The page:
Dan Chambers on Broadcasting

Poker game, auction, bloodbath - welcome to the LA screenings
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Last week saw myself, the Five acquisitions team and executives from every other UK broadcaster transported to Los Angeles for the annual merry-go-round that is the LA Screenings.

Every May we all decamp to the Hollywood hills for an event that is one part cattle auction, one part poker game and one part showbiz schmooze. Rather than topping up the tan by the hotel pool, sipping colourful cocktails and trying to spot film stars, the week is instead spent in dark, airless viewing theatres full of sweaty TV executives watching new show after new show.

These are the series that American broadcasters are pinning their hopes on to be the big hits of the fall season.Each year British broadcasters come out to play a cagey game of cat and mouse where interest in shows is played down; competitors are bluffed, double bluffed and misinformation is spread.

This year competition is keener than ever with the terrestrial broadcasters looking to fill their digital spin-offs and big spenders such as ITV more ready to splash the cash than ever before.

At Five we've enjoyed a pretty good track record over the years picking up American series that have struck a chord with the British viewing public.

The original Las Vegas-set CSI is the most popular Stateside show in the UK and is the icing on the cake of our acquired roster that also includes the two other CSI franchises; Law & Order and its two spin-off series; The Shield; Prison Break; House and Grey's Anatomy.

All the studios and broadcasters try to identify the next big thing but as the herd mentality can dominate, it means distinct and identifiable trends tend to appear. Last year was very masculine with lots of sci-fi and high-concept potboilers such as Invasion and Threshold following in the wake of previously successful series such as 24 and Lost.

And there's still some of that with new shows like Jericho, where the residents of a small American town come to terms with the aftermath of a terrorist-induced nuclear disaster.

But this year the studios seem to have got in touch with their feminine side with a confetti-like blizzard of wedding shows.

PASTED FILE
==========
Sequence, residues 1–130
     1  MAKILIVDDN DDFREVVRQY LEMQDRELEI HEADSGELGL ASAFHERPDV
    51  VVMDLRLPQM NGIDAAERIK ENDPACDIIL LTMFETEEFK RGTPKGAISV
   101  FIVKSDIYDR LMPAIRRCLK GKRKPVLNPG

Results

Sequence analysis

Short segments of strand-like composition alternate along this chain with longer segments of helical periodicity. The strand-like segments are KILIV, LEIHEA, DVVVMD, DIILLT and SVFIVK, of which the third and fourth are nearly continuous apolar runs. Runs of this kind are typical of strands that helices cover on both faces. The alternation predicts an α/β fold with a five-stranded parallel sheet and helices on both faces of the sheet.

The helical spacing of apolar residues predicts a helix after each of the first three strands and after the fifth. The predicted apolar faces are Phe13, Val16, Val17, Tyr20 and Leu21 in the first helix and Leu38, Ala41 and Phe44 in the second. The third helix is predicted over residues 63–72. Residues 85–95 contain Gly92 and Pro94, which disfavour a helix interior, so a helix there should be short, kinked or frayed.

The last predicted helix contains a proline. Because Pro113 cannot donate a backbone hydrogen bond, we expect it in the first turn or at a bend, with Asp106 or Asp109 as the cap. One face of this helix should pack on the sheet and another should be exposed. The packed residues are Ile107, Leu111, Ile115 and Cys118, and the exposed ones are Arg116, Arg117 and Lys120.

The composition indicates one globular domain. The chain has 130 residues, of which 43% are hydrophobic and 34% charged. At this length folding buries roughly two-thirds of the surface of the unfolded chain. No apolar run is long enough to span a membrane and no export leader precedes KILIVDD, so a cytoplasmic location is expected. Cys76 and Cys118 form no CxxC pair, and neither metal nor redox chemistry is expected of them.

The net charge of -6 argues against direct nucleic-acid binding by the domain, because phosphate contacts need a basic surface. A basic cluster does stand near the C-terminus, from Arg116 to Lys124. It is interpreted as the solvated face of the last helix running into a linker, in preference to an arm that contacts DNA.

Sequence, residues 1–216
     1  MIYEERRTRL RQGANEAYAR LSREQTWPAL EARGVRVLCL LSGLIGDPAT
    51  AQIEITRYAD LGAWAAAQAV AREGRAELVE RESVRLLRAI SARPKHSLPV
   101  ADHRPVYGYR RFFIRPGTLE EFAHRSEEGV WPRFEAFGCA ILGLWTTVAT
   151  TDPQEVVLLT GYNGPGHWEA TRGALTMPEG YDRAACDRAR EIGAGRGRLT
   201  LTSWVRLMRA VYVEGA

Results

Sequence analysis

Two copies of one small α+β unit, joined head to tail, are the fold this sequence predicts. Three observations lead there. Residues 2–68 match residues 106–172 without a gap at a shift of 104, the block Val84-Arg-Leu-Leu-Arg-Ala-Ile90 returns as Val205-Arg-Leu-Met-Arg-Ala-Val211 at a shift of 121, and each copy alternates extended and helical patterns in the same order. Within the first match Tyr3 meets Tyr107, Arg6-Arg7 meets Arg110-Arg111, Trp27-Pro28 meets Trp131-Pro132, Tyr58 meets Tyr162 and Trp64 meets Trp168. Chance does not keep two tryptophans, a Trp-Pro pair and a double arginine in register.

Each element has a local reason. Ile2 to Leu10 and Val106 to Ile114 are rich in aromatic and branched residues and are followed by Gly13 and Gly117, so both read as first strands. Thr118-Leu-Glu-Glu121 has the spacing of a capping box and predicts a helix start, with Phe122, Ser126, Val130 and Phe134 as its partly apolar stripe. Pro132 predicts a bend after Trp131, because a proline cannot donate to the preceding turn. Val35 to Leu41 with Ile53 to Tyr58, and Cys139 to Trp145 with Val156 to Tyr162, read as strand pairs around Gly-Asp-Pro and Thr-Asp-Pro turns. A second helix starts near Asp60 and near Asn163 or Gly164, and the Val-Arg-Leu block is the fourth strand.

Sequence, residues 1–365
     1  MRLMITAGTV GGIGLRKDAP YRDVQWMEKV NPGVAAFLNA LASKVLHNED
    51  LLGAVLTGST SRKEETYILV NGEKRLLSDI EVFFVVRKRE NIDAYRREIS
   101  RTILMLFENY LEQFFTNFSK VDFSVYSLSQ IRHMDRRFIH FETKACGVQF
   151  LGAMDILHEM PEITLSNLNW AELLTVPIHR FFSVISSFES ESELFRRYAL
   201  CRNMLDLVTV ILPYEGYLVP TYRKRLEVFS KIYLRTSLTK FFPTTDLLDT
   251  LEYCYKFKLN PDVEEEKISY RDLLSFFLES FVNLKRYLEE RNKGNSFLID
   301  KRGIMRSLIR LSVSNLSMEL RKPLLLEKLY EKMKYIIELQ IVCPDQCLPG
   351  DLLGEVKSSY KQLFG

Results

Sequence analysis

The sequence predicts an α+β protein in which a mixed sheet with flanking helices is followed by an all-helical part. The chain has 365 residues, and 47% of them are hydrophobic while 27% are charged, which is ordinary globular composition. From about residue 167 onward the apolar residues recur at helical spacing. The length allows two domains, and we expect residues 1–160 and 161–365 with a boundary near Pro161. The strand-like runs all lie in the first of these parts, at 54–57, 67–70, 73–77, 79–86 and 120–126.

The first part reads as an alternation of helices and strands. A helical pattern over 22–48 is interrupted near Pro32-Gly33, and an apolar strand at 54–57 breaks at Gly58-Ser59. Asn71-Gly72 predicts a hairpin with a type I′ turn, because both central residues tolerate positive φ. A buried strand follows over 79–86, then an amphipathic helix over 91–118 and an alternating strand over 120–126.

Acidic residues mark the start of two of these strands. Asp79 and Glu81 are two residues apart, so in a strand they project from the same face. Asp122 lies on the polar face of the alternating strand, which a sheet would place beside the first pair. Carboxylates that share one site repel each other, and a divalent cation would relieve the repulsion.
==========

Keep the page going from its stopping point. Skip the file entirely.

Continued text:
There are no less than five comedies or dramas: The Wedding Album; The Singles' Table; Big Day; Til Death and Rules of Engagement, all devoted to either nuptials or newly weds. Equally, musical trends appear throughout many shows. A couple of years ago you couldn't watch a show without Coldplay popping up. This year it's James Blunt with "You're Beautiful" plonking away in the background of every other pilot.

So far what has stopped this year's Screenings being the bloodbath predicted is the lack of a stand-out show that everybody is desperate to get their hands on. There are interesting series such as Studio 60 on the Sunset Strip, the latest project from West Wing creator Aaron Sorkin which stars Friends' alumnus Matthew Perry, but nothing UK execs are ready to sell their grandmothers for. Then again, with everyone keeping their cards so close to their chest it's hard to predict what hands UK TV bosses will play when deals are done in the weeks ahead.

Searching for the holy grail of ABCs

The best thing about being the new terrestrial home of cricket, other than the Five hospitality box at Lord's, is the type of TV audience the game attracts.

For commercial broadcasters the Holy Grail is both 16- to 34-year-olds and upmarket ABC1s - and cricket delivers posh men in spades.

This week's ratings for our 7.15pm highlights, produced by Sunset + Vine, saw an average of more than 600,000 viewers tuning in every night.

And more than half of those watching Mark Nicholas, Geoffrey Boycott and Simon Hughes's astute dissection of the day's play were ABC1 Adults.

With Channel 4's weekly schedule of nearly 40 hours of Big Brother and the likes of ITV's Soccer Aid, X-Factor: Battle of the Stars and Love Island, it makes sense to give disenfranchised upmarket viewers an alternative.

That's why Five's summer schedule features a host of series designed to appeal to this cultured and cash-rich audience.

Hidden Treasure Houses returns this Thursday andBuildings That Shaped Britain, which looks at the evolution of British architecture, begins on Friday.

The week after The Singing Estate follows conductor and choral scholar Ivor Setterfield's attempts to transform 40 residents of an Oxford housing estate into a classical choir.

Meanwhile our resident art expert, Tim Marlow, is guiding viewers round the Tate Modern, making Five the only channel where you'll find Kevin Pietersen and Kandinsky this summer.

Dan Chambers is Director of programmes at Five